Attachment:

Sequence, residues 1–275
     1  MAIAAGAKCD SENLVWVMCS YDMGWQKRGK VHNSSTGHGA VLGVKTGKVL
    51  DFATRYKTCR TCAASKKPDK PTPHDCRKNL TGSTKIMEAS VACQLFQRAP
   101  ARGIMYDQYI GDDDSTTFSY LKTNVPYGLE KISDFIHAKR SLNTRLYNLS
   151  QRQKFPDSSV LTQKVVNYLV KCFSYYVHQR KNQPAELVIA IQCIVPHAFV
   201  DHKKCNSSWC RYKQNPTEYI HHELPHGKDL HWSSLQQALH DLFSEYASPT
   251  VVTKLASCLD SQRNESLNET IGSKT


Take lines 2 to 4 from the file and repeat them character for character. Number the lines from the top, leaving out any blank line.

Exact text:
     1  MAIAAGAKCD SENLVWVMCS YDMGWQKRGK VHNSSTGHGA VLGVKTGKVL
    51  DFATRYKTCR TCAASKKPDK PTPHDCRKNL TGSTKIMEAS VACQLFQRAP
   101  ARGIMYDQYI GDDDSTTFSY LKTNVPYGLE KISDFIHAKR SLNTRLYNLS